Showing posts from October, 2018

PARISH PROFILE: St. George Greek Orthodox Church, Bakersfield, California

Published in the Orthdox Observer, September-October 2018 - page 25

St. George Greek Orthodox Church
Bakersfield, California

Founded:  1924


Not all immigrants from Greece in the late 19th and early 20th centuries chose to settle in the major metropolitan areas of the East and Midwest. 

A small number traveled to more remote areas; among these was the high desert region of California’s interior where Bakersfield (pop. about 380,000) is centrally located, 112 miles north of glamorous, star-studded L.A. 

 According to a parish history, the “pioneer” Greek Orthodox came to build the railroads – the Southern Pacific and Union Pacific – as did many Chinese and Irish men before them. Others soon established businesses that supported the railroads. 

Still others engaged in farming (Bakersfield is at the southern end of the San Joaquin Valley, part of California’s Central Valley that produces nearly 13 percent of the country’s agricultural output). 

A unique feature of the parish’s website is a l…

Exhibit on Early Greek Parishes & Priests to Open in St. Augustine, Florida


authored by William H. Samonides, Ph.D.

published in the Orthodox Observer, September-October 2018 issue - page 17


An exhibition highlighting some of the earliest Greek Orthodox parishes and priests in America will open at the St. Photios Greek Orthodox National Shrine in St Augustine, Fla., in January. 

Early Greek Orthodox Parishes and Priests of the South will examine the history and development of 14 par- ishes, including six cathedrals, in seven states from the Metropolises of Atlanta, Denver, and Detroit.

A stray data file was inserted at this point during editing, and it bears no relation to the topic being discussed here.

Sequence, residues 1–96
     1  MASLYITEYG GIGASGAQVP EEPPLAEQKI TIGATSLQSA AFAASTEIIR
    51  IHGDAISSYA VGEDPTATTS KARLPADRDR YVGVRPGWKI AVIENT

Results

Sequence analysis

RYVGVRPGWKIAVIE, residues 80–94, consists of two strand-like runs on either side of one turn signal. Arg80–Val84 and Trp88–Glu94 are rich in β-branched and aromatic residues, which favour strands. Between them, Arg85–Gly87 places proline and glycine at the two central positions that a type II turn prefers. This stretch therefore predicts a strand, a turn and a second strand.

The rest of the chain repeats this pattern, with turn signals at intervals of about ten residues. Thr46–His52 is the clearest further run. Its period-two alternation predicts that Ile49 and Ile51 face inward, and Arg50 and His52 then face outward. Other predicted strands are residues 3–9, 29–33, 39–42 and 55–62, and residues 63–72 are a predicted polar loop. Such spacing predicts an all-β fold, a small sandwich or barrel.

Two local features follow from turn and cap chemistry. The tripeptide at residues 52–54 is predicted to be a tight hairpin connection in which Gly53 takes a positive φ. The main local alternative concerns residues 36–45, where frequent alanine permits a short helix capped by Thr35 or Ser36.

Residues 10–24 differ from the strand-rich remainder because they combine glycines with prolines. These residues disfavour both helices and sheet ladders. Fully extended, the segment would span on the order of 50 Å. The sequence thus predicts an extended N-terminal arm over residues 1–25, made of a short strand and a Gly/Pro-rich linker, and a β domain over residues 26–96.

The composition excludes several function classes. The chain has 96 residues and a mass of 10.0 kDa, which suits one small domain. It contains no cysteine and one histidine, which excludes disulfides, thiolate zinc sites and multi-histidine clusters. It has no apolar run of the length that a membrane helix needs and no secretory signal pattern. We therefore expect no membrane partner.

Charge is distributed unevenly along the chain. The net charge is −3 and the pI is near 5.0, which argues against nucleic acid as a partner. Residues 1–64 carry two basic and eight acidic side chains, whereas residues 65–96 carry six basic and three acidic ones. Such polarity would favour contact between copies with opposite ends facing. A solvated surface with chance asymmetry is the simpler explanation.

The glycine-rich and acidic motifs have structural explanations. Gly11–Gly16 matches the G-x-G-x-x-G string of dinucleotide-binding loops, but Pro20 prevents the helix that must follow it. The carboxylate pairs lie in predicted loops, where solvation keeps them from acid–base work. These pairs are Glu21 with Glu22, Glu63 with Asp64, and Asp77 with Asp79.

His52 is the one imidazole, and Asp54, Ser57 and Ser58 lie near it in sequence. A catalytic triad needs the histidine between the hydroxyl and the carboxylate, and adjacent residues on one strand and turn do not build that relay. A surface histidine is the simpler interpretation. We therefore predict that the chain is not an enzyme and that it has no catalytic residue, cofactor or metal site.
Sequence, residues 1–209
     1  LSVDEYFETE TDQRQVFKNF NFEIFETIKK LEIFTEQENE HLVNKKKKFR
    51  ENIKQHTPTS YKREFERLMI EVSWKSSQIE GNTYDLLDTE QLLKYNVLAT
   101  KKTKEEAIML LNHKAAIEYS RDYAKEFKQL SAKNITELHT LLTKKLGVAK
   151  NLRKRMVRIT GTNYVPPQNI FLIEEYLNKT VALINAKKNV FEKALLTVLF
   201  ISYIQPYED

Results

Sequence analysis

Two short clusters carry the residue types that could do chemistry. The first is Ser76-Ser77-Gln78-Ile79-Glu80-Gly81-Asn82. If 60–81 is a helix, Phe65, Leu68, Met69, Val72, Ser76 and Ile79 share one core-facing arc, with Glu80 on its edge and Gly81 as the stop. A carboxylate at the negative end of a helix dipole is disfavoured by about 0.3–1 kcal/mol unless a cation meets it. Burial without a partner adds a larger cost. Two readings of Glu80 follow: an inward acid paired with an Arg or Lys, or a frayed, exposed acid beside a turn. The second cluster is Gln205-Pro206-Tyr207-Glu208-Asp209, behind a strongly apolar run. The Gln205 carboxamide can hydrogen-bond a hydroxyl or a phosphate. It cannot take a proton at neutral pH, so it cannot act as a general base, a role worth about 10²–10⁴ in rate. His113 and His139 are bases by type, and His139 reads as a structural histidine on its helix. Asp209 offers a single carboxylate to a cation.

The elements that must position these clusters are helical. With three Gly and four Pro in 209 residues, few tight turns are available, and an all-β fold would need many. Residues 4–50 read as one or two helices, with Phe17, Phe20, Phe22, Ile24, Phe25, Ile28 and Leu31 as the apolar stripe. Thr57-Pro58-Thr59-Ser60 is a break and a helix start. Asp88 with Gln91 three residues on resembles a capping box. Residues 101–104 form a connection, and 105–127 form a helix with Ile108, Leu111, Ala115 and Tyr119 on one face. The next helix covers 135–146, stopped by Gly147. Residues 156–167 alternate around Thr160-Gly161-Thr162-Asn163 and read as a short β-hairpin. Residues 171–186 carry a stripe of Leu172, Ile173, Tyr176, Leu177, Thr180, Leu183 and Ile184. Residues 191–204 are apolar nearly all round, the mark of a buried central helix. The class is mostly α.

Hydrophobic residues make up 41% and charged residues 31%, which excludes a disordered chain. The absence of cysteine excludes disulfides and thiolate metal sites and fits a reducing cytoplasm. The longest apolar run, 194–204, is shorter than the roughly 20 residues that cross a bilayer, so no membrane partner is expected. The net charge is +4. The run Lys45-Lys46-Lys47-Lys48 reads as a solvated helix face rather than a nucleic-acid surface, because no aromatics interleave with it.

The exhibition is the work of this writer and Dr. Regine J. Samonides. It is their third exhibition of a planned cycle of five to be held at the Shrine and re- places Pioneering Priests: Establishing the Greek Orthodox Faith in America, which has been on display since 2015. 

The new exhibition will be dis- played during calendar year 2019 and will be followed by an exhibition from the Benaki Museum in Athens that …

Museum of Byzantine Culture, Thessaloniki, Greece

2 Leoforos Stratou
Thessaloniki 546 40 Greece

Telephone +30 231 086 8570


The year 2014 is a landmark as it represents the anniversary of twenty years since the Museum opened its doors for the first time on September 11th 1994 with the exhibition ‘Byzantine Treasures of Thessaloniki. The return journey’.  This way the Museum of Byzantine Culture was inaugurated by the Prime Minister. That exhibition with the inspired title marked the return of the Byzantine antiquities, on the 14th of June 1994*, after eighty years in the Byzantine and Christian Museum in Athens where they have been transferred in 1916. The exhibition also marked the end of a long effort for the foundation of a Byzantine Museum in Macedonia and specifically in Thessaloniki which is connected with persons and events of the recent and contemporary history of the Greek state.

Introduction to the permanent exhibition

The eleven rooms that comprise the Museum’s permanent exhibition …